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The audit objective was to assess the appropriateness of the use and reporting of confidentiality provisions in Australian Government contracts. This included assessing compliance with the Order and following up on the implementation of recommendations made in previous Senate Order audits.
The audit involved three components:
an examination of a stratified random sample of 150 contracts listed as containing confidentiality provisions from material and small agencies across the Australian Government to determine whether confidentiality provisions were used and reported appropriately;
an examination of all FMA Act agencies' calendar year 2009 contract listings, and ministers' letters of advice, to assess compliance with the requirements of the Order, and check reported instances of excluded contracts; and
a follow-up of the implementation of previous audit recommendations relating to the administration of the Senate Order in four agencies. The selected agencies were the: Australian Agency for International Development (AusAID); Department of Families, Housing, Community Services and Indigenous Affairs (FaHCSIA); Department of Agriculture, Fisheries and Forestry (DAFF); and the Federal Court of Australia (Federal Court). The selected agencies were audited in one of the ANAO's previous five audits of Senate Order compliance.
The objective of the audit was to examine the effectiveness and efficiency of the administrative arrangements for the establishment and operation of the Green Corps program. Green Corps is a voluntary program for young Australians between 17 and 20 years old to receive accredited training in a range of skills such as bush regeneration and habitat protection. The program is delivered through a contractual arrangement. It was introduced in 1996 with a program allocation of $41.7 million over three years. The focus of the audit was on the Department of Education, Training and Youth Affair's administration of the program, including the management of the contract.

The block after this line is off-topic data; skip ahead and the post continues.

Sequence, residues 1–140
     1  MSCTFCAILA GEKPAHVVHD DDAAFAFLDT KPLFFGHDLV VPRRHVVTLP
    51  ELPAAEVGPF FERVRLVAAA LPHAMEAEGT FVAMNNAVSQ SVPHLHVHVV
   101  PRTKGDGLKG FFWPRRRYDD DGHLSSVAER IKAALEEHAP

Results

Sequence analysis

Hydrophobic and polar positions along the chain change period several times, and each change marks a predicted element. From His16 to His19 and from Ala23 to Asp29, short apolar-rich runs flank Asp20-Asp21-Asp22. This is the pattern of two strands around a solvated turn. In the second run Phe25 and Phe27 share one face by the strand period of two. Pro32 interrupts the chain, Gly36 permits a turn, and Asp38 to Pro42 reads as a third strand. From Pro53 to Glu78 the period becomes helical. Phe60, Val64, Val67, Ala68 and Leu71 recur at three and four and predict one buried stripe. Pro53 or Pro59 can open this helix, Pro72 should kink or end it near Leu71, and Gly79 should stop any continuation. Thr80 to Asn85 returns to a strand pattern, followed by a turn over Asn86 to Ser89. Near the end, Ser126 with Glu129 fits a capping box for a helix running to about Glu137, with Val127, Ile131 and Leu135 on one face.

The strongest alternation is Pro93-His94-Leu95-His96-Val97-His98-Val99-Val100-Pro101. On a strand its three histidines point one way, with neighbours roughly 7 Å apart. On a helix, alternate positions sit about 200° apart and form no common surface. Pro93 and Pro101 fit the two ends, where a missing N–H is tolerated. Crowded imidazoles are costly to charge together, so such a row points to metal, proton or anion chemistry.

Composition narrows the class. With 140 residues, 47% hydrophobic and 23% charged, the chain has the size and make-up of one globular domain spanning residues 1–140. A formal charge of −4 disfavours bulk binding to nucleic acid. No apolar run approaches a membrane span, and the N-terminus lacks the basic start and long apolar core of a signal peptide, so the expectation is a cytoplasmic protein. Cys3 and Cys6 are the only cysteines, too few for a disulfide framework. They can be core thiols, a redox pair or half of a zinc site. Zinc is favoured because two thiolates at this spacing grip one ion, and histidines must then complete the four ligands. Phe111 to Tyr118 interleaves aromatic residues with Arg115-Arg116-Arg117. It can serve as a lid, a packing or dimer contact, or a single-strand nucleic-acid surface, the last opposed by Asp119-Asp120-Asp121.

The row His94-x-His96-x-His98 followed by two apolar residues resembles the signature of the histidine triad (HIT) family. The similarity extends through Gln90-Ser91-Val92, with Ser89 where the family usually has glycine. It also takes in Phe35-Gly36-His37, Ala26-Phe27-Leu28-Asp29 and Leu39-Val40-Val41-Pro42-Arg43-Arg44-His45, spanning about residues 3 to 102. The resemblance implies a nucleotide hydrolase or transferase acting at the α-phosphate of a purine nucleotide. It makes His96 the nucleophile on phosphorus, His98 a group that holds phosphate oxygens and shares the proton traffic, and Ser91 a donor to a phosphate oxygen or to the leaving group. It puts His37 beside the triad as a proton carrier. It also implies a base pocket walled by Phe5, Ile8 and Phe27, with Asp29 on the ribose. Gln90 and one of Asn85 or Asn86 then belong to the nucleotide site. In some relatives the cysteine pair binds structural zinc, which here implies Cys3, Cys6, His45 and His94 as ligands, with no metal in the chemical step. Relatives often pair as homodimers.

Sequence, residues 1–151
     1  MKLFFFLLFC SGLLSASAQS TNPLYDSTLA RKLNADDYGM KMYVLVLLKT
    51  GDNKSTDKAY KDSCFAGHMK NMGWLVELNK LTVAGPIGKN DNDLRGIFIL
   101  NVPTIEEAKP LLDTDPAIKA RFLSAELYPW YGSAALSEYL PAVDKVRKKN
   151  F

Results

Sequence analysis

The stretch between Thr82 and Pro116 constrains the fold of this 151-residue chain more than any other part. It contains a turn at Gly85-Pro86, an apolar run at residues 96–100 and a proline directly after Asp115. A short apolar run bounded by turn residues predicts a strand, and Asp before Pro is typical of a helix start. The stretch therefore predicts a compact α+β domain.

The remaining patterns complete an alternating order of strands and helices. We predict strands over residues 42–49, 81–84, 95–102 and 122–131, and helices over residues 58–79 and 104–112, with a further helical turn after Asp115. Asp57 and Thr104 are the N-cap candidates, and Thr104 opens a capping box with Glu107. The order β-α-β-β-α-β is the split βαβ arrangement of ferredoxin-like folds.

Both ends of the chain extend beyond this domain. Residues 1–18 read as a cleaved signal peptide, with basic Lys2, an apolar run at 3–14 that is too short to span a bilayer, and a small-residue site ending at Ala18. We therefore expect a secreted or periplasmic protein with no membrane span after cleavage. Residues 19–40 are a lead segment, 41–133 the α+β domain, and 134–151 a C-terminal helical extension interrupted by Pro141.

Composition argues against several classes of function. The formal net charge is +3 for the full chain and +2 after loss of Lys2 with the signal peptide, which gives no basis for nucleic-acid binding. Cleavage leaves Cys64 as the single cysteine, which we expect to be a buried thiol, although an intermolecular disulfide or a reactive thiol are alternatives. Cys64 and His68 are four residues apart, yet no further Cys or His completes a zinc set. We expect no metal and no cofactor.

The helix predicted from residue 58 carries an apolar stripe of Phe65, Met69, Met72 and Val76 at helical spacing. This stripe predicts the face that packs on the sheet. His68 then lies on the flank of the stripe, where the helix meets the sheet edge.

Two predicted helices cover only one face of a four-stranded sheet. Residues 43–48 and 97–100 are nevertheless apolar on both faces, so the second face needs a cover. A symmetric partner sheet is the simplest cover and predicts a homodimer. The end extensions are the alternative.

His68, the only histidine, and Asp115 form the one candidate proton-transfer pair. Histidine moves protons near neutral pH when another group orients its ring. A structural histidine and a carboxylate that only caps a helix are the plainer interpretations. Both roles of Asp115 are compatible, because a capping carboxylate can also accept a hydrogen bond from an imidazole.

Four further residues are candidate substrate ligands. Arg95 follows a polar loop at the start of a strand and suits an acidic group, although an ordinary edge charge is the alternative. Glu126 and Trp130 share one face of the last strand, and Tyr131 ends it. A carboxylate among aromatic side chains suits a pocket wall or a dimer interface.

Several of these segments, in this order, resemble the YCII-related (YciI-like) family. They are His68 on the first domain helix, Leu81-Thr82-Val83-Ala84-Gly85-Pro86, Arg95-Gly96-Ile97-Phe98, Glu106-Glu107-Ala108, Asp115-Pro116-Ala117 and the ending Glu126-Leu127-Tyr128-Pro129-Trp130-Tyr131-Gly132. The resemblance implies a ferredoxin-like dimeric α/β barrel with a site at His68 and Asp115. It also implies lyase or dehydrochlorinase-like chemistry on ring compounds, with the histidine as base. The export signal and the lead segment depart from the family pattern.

The objective of the preliminary study was to form a view regarding the quality of, and controls over, the Budget estimates and to inform the decision whether to proceed to a full performance audit at this time. On the basis of the quantitative and qualitative analysis of the budget process undertaken during the study, the ANAO concluded that there are no apparent systemic problems in the cash-based estimating processes in the agencies reviewed that would, in themselves, lead to material statistical inaccuracies in the Budget's projected outcomes. The ANAO decided not to proceed with a full performance audit at this time.
The audit reviewed the use and operation of performance information in service level agreements between Centrelink and three agencies; the Department of Social Security, the Department of Education, Training and Youth Affairs and the Department of Employment, Workplace Relations and Small Business. The objective of the audit was to establish whether the performance assessment framework specified in the agreements enabled the adequate assessment of achievements under purchaser/provider arrangements entered into by DSS, DEETYA and Centrelink.